19th Sunday in Ordinary Time - 13th August, 2017

Liturgical Reflections

1Kgs19: 9, 11-13; Rom9: 1-5; Mt14: 22-33
 

Today’s readings are about finding hope in seemingly impossible situations – of going from depression and despair into at least a glimmer of light, coming not from ourselves, but from God, the mysterious, loving Presence who is calling us not to be afraid.

To get the full impact, it is good to go to the bible and read what happens before each of the incidents recounted in today’s readings.

In the book of Kings, Elijah is in despair – depressed, defeated, unwilling to save himself, facing death by starvation in the desert, until God forces the issue by sending an messenger/angel to make him eat, get up, walk, run – escape to the mountains: but he still has no hope, no direction. He looks for God in the spectacular – but God is not in the thunder, nor in the earthquake nor in the silence but then at last, in the gentle breeze, comes the wind of the Spirit of hope and life.

St Paul is depressed and in anguish at his failure to bring his own Jewish people – relatives, friends, colleagues - to faith in Jesus and in God as revealed through Jesus. He clings on to his belief that God cannot possibly fail! In the long run, the promises and covenant will be fulfilled, but he cannot see how. The situation does not change. He just has to live with it.

In the gospel of Matthew, news has just come that John the Baptist has been beheaded. Jesus goes off by himself to pray in the mountains well into the night. The disciples take off in the boat. Were they panicking? Escape at all costs. Herod beheaded John – who is next?

 

Then the seas get rough and it is not one person who is panicking: everyone is! Then Jesus ‘sees’ them. It is night and stormy so what kind of vision sees though this darkness? The disciples think ‘it’ is a ghost – even more panic - until Jesus reassures them by speaking and they recognise his voice. Yes, he is walking on water, but the message is ‘Don’t be afraid’! It works. Peter gets overconfident and launches into the water to do likewise and sinks once his fear comes on strongly again. Scripture scholars debate the timing and sequence of this passage but the message is clear. In impossible situations, ‘Do not be afraid’: change for the good will happen. God will encourage you to act.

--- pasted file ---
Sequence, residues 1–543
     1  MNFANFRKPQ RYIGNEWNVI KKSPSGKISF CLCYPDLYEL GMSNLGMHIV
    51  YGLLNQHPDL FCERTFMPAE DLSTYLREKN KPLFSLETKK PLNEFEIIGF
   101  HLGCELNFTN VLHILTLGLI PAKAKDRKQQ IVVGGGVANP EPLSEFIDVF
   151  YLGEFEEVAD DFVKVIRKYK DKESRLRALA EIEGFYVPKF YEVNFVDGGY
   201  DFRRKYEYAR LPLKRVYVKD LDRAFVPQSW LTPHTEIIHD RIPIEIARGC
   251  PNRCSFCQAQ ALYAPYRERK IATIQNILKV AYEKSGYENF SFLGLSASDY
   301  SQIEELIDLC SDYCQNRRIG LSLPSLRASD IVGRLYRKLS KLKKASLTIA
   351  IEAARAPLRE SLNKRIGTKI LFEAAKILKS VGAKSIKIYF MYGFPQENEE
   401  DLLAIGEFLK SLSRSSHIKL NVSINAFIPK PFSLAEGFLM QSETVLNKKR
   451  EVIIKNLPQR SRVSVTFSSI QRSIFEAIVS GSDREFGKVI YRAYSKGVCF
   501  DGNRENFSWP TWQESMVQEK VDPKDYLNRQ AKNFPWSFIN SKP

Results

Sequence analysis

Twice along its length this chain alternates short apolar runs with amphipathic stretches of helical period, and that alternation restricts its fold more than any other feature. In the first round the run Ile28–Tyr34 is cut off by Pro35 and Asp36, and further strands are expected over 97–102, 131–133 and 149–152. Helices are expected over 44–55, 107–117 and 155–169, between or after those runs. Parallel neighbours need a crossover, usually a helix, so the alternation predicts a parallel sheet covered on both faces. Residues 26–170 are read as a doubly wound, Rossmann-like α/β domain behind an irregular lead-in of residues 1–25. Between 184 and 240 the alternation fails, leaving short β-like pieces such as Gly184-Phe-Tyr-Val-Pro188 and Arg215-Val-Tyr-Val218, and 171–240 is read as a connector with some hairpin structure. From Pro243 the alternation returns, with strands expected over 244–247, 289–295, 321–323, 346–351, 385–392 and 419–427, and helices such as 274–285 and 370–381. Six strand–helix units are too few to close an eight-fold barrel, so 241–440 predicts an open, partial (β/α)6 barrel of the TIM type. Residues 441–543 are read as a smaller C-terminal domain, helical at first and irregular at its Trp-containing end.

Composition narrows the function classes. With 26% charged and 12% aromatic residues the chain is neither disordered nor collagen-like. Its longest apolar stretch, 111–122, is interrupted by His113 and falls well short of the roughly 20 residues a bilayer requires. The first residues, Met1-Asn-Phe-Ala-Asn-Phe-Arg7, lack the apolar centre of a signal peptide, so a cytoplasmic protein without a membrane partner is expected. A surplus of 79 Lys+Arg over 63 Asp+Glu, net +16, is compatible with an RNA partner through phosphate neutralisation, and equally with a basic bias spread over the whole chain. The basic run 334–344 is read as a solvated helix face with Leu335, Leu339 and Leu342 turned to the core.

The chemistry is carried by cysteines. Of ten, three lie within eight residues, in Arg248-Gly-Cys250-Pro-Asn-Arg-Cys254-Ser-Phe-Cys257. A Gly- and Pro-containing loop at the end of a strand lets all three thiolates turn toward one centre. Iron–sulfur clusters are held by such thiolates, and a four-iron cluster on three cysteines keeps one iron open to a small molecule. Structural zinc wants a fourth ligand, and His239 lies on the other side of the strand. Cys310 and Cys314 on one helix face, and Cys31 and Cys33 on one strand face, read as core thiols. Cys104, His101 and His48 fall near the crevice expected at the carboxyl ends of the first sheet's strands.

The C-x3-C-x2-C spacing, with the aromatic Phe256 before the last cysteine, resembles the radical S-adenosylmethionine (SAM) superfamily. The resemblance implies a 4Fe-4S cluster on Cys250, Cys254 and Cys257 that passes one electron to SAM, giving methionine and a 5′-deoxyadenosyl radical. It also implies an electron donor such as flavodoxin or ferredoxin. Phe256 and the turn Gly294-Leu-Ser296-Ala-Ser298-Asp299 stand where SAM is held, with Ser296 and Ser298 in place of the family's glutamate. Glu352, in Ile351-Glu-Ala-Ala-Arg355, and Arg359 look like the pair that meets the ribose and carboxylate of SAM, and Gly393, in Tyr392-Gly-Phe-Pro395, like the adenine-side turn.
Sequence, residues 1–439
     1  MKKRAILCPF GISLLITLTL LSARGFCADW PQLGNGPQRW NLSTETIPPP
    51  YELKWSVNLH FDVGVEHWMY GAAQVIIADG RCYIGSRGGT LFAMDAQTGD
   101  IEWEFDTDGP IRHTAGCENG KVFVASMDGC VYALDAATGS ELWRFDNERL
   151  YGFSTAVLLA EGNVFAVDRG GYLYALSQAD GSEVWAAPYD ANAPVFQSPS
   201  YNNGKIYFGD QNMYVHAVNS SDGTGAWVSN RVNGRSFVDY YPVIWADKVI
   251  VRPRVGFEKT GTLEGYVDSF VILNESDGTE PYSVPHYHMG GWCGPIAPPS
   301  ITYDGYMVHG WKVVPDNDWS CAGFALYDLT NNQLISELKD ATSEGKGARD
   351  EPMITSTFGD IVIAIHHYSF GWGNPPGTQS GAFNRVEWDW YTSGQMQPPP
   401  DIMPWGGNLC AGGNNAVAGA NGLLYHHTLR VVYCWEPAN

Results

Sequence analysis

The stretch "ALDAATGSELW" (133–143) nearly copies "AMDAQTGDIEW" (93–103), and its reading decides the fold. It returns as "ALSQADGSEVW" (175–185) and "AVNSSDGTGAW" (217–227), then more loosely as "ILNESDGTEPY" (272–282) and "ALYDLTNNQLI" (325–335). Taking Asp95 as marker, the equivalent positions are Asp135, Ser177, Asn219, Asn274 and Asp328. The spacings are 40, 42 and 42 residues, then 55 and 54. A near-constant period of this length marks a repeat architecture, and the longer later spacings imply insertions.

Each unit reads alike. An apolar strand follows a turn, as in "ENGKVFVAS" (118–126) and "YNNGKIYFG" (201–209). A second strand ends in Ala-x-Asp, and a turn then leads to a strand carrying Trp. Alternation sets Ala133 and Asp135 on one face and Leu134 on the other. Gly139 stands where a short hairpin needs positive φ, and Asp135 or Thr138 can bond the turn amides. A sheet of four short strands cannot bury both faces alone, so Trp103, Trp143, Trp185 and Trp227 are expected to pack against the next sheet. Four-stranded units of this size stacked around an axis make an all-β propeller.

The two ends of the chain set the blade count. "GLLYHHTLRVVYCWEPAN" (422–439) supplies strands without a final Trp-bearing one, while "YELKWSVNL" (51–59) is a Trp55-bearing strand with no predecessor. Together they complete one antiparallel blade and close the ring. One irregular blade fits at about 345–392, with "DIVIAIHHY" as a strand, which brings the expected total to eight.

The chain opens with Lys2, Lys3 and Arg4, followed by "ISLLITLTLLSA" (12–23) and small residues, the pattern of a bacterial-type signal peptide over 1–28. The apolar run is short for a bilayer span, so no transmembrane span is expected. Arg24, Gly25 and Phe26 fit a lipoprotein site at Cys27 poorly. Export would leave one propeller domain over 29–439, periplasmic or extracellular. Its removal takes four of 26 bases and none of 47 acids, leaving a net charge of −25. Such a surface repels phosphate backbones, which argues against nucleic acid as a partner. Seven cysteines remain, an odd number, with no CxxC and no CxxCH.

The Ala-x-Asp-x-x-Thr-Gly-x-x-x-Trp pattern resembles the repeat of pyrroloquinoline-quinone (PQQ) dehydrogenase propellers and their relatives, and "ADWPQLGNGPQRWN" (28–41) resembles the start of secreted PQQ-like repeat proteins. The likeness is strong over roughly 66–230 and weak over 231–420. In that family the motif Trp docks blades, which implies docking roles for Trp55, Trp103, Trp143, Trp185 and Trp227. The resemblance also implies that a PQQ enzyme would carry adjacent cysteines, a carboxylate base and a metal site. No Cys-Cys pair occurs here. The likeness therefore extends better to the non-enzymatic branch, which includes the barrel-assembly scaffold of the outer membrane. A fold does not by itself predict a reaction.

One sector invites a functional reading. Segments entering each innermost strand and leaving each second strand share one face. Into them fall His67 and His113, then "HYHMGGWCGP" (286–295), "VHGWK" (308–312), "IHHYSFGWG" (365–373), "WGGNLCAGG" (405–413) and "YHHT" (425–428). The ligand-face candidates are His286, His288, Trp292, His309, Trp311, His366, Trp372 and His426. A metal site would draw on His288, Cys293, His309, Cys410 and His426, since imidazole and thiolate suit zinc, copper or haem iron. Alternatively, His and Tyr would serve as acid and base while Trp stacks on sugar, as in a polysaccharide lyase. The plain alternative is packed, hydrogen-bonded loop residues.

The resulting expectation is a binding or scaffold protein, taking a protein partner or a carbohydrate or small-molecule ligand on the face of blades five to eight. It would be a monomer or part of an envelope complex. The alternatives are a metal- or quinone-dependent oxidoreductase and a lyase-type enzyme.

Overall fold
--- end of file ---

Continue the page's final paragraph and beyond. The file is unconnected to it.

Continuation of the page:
The media is full of news that tends to makes us all depressed and anxious. Who or what can save us? Humanly impossible! Like Elijah, we can get up, search, listen and find God in the unexpected. Like Paul, we can live through apparent failure, trusting God will make sure it works out in the end. Like Peter, we can fear, then become overconfident and sink again. The love of God is calling us to stop being afraid. We can keep on living and searching. More than we can hope for or recognise, God is actually with us.

Rose Mary Kinne OP

1Kgs19: 9A, 11-13A; Rom9: 1-5; Mt14: 22-33
 

Taken together these readings from Scripture offer us both challenges and reassurance.  As happens occasionally, the lectionary omits something significant in the first reading.  Verse 10 in 1Kings contains God's first address to Elijah, sheltering in a cave in his flight from Jezabel's wrath.  It is a challenging question, which we too may find difficult to answer: Put in your own name in place of Elijah and listen: 'What are you doing here, Elijah???'

 

If God addressed this question to you or me now, where would the emphasis fall?  Would the question be about what I am doing?  Or about where i am doing it?  Or why I am doing this at all?  So the question probes conscience in various ways.  But as Elijah faced it he was not left without support.  God revealed to his that he would not find God in noisy, stormy images but in 'a tiny whispering sound' or in 'silence' - depending on which Bible you are using.

So, despite the challenging question, God came to Elijah gently, as the same God comes to us, empowering us beyond our strength to be where God wants us and do what He is asking of us.  Both challenge and reassurance come to the disciples in the Gospel reading.

They experience the force of a typical sudden storm at night on the Sea of Galilee.  In their fear they cry out for help but as Jesus comes to them on the water they mistake him for a ghost.  Peter, in such danger, dares Jesus to prove himself by enabling Peter to walk on the water.  Given what he asked for, the frightened fisherman forgot the source of his miraculous stength and lost it.  Jesus' action to resuce him was immediate; but he challenged Peter to greater faith, evoking the response from the group in the boat: 'Truly you are the Son of God.'  Can we take heart from both stories to trust, in faith, the unfailing presence of God with us in every situation, no matter how difficult or threatening?

Mary Britt OP